The Scope of
Injuries as Public Health and Research Problems
The narrow epidemiological view of a public-health problem such as in-
juries focuses on incidence (how many injuries occur), their severity
or length and type of disability) and factors that place one at greater
risk of these outcomes. In this book that narrow view is confined mainly
the first three chapters. The basic theme of the book is that,
know enough about injuries to prevent many and reduce the severity of
vast majority of them. There remains some basic epidemiological and
research work to be done and the problems associated with it will be ad-
dressed. But the major focus is on the conceptual, behavioral, social,
nomic, and legal barriers to injury control.
The term injury is used interchangeably with trauma throughout to
refer to damage to the body caused by exchanges with environmental
that are beyond the body's resilience.(1) Mechanical-energy exchanges in
motor vehicle crashes, shootings, and falls are the most common causes
severe and fatal trauma. The result of acute exposure to large concentra-
tions of energy is usually called injury, while the result of long-term,
concentrated exposures, such as to low-level ionizing radiation, is
classified as disease.
The definition of injury in terms of its necessary and specific cause,
energy exchange, avoids the issue of fault that has so pervaded
vestigation as well as injury-control efforts. The attribution of fault
human error is of prime concern to many persons in cases where the
was unintended, while the intent of the injured is usually the major
attention in the case of suspected suicide or that of the one or more
ants in the case of homicide. This obsession with blame is at least
result of a legal system that focuses on allocation of compensation and
ishment according to the intent or fault of the persons immediately
Prior intent in the attribution of fault is not measured directly nor
scientifically inferred; it is concluded from statements of the persons
and any physical evidence of the injury having been planned. While the
assessment of intent may be relevant to compensation of the injured
punishment of the party blamed for the injury, there is substantial
this process has much effect on the prevention of injuries. In contrast,
plication of public-health principles has shown great promise in the
instances in which they have been used. This book discusses those
and their applicability to specific energy sources and the injuries they
It is interesting that notions of fault and negligence of individuals im-
mediately involved in damaging transfers of mechanical, thermal,
and radiation energy have seldom been applied to interpersonal transfers
harmful biologic organisms. In medieval times, persons thought to be
riers of the plague, but who actually were not, were persecuted and in
instances murdered.(2) But in modern times people seldom if ever think
ing someone who conveys bacteria or viruses that result in disease.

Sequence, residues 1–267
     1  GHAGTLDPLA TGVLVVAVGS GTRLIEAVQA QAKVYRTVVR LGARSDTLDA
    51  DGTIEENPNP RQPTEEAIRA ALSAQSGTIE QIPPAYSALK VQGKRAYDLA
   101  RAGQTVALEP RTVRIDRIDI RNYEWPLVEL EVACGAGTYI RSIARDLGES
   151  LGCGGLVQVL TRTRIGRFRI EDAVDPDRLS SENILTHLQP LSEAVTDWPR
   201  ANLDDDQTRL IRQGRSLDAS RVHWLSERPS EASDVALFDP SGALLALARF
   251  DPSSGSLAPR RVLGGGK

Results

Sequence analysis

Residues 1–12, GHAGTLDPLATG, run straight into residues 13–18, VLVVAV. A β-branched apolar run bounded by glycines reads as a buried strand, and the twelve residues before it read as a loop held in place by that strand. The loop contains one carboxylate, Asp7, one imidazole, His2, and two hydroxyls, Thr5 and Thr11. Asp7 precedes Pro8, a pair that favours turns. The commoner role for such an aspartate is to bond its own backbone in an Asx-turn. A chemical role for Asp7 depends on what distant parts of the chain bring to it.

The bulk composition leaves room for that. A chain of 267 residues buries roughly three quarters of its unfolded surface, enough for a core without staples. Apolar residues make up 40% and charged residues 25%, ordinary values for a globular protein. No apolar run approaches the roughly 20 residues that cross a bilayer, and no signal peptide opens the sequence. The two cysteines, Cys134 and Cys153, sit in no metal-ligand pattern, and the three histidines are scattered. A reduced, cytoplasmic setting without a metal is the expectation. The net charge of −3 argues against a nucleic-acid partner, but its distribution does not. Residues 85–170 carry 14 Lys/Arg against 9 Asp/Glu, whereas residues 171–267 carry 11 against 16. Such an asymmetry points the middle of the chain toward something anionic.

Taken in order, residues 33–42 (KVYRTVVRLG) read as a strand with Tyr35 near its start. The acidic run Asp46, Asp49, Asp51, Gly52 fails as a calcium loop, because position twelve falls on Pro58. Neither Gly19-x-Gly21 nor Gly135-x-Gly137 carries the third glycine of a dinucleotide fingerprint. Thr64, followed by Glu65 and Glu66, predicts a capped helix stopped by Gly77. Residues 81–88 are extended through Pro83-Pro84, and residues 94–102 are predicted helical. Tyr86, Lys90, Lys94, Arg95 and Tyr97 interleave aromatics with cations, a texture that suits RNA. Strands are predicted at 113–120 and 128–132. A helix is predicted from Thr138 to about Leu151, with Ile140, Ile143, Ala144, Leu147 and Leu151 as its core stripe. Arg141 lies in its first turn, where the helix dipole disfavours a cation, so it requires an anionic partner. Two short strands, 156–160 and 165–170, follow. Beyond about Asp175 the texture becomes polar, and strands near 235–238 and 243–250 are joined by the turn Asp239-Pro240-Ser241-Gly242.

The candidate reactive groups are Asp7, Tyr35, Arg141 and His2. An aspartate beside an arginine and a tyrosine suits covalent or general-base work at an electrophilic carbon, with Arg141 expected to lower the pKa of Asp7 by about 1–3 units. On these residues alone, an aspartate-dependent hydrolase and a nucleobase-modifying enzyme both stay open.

the person who knowingly has a disease that is transmitted by sneezing
crowds, kissing, sexual intercourse, or whatever and who then infects
by engaging in those activities is no less negligent than the alcoholic
drives while intoxicated and injures someone. Why do we believe that the
latter is somehow more subject to control by legalistic fault finding
punishment than the former? Infectious-disease epidemiologists seldom if
ever concern themselves with blame assignment, although carriers of the
more serious diseases may be pursued by public-health physicians for the
purpose of treating the disease and stopping the chain of transmission.
the primary purpose of police and often of expert investigation of car
crashes is to assign fault in reports or to testify in lawsuits for
Traditionally, and in much current popular parlance, people refer to
"accidents" when they mean unintentional injuries. The emphasis on
reinforces the blaming approach, and the broader rubric, accident,
a large set of phenomena in which no damage occurs. Most people daily
perience unintended events that are called accidents (a tie in one's
mistakes in typing, locking keys in one's car) but that are not
jurious. It is only those events that result in human damage that
here. If for no other reason than the magnitude of the problem, it makes
more sense to think about injury control than accident prevention.
The significance in terms of public health of an injury is not whether
was intended but the extent and ultimate outcome of the damage. Concepts
of blame, including blame attributed to chance, acts of God, and the
the unintentional case, are barriers to injury control. The fact that
are not often considered as a public-health problem is one of the
that they are a public-health problem.
Incidence and Severity
Because many injuries are minor cuts and bruises that are not medically
treated and are soon forgotten, estimates of the total incidence of
are questionable. The National Health Survey reports that in 1979 about
million injuries occurred to 69 million persons--more than a third of
population. This estimate is based on recall in interviews of a random
ple of the population.(3) Obviously, only a percentage of the minor cuts
bruises were probably included.